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Heading over to Umbria at the end of Sept and would love any recommendations on food/lodging? Tried finding info on the forum and may have searched wrong but there was nothing post 2006? Any more recent info would be greatly appreciated!


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I'm certain that I've done this litany several times, but I'm always up to noting my Umbrian favorites. I usuallly base at Le Case Gialle, about five or so km west of Bevagna. Bevagna is large enough to have a couple of good macelerie and alimentari plus a fresh pasta and a good wine shop.

In the center of Bevagna is Osteria Piazza Onofri, a pleasant place with good local food and wine. Sometimes eventful in the evening.

Within a half hour drive are a handful of good eats. Just south of Trevi, and on the other side of the road, is Taverna del Pescatore, alongside a stream with rapids and swans. Lunch under the big tent is worthwhile. Watch attentively for the single little sign on the road.

At the top of Spello is a nice hotel, La Bastiglia. Great views and an adventurous kitchen. Bring money.

And in the main square of Montefalco (home of Sagrantino) is l'Alchamisto. Its in an enoteca and down the basement. Fine local food and worth the effort to find. We were taken there by Mauro and Silvana from Le Case Gialle. A real find.

Perugia is nearby, and in the other direction are Spoleto, Norcia and Casteluccia.

And, although a long way away, I never fail to visit I Sette Consoli in Orvieto Alto. My favorite in all of Italy. Bring money.

Buon viaggio.

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For world class fancy dining I'd also recommend the Sette Consoli in Orvieto and Il Postale in Citta de Castello, north of Perugia. On a given day one might be better than the other, but both are excellent. Both are members of the Juene Restaurateurs de Europe group (spelling may be off here) and I've had great experiences with members of this group over the past decade or so - no others near Umbria, though.

For really good food, and a lot more fun (not always the top desire) go to Bacco Felice in Foligno. If possible go more than once. You will eat whatever the chef/proprietor, Salvatore, chooses to serve you, and you will be expected to eat a LOT of food and show enthusiasm - this is not at all difficult if you are in a receptive mood.. The food is really good, not overly refined or fancily plated (family style is the really inadequate description I would choose - just a family with a better chef and ingredients than mine) . You may have many courses of great salumi, roast chicken, super tomatoes, pasta, etc. Salvatore gets great ingredients and prepares them simply and with gusto. And he hangs out and keeps the mood of the place buoyant. Unlike the fancier places they push excellent wines at really inexpensive prices. Go hungry - lunch is a good time, perhaps after a morning in Assisi.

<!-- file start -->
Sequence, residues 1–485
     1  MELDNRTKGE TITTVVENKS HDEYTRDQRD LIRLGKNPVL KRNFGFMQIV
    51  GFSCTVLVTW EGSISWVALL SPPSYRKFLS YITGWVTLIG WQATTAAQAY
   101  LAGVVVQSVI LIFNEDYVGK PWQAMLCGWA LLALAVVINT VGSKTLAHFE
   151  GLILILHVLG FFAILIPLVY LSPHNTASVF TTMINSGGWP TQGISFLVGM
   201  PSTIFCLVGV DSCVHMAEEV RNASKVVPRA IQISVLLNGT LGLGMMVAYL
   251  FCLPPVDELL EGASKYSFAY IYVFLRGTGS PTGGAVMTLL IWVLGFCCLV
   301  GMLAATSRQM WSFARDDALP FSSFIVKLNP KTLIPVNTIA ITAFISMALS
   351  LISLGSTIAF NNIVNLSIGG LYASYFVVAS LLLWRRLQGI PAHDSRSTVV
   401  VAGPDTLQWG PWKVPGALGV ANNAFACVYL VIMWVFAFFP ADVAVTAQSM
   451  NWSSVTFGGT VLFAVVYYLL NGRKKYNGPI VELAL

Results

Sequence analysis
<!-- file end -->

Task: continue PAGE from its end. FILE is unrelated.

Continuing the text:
The walls are filled with graffiti from appreciative visitors - our teenagers really loved finding a blank spot on the wall to record their happiness. I'll try to post a photo later.

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How could I have forgotten to mention Salvatore's place, a prominent part of this weekend's conversations with an old friend from Umbria. Infact, my visit to l'Alchemista last November was because my friend, Mauro, was unable to get Salvatore on the phone because he was in, of all places, Napa Valley, giving cooking lessons.

Salvatore is an event all by himself. A local linstitution, he was the subject of a long article in one of the food mags a couple of years ago. Much of the servings are from his own farm.

In the typical Italian manner, on one occasion I laid out all my money at the end of the meal and Salvo, in his usual style, elaborately penciled all of the costs on the butcher paper table covering. The sum, of course, exactly matched my holdings.

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  • 2 months later...

In Montefalco, do not miss Spirito Divino, and I agree with I Sette Consoli in Orvieto. Both pricey but well worth it and memorable. San Giorgio in Umbertide is also quite good. If you happen to be travelling through Emilio Romano enroute to Umbria, a stop at Hotel Locando Gambero Rosso in S. Piero in Bagno (just off the Bagno di Romano exit, off the E45) is a must. Also a delightful place to stay for an overnight after a destination dinner. And Bagno di Romano is just down the road, so you can do a morning or afternoon soak in the terme (natural lithium hot springs) and come out with a smile!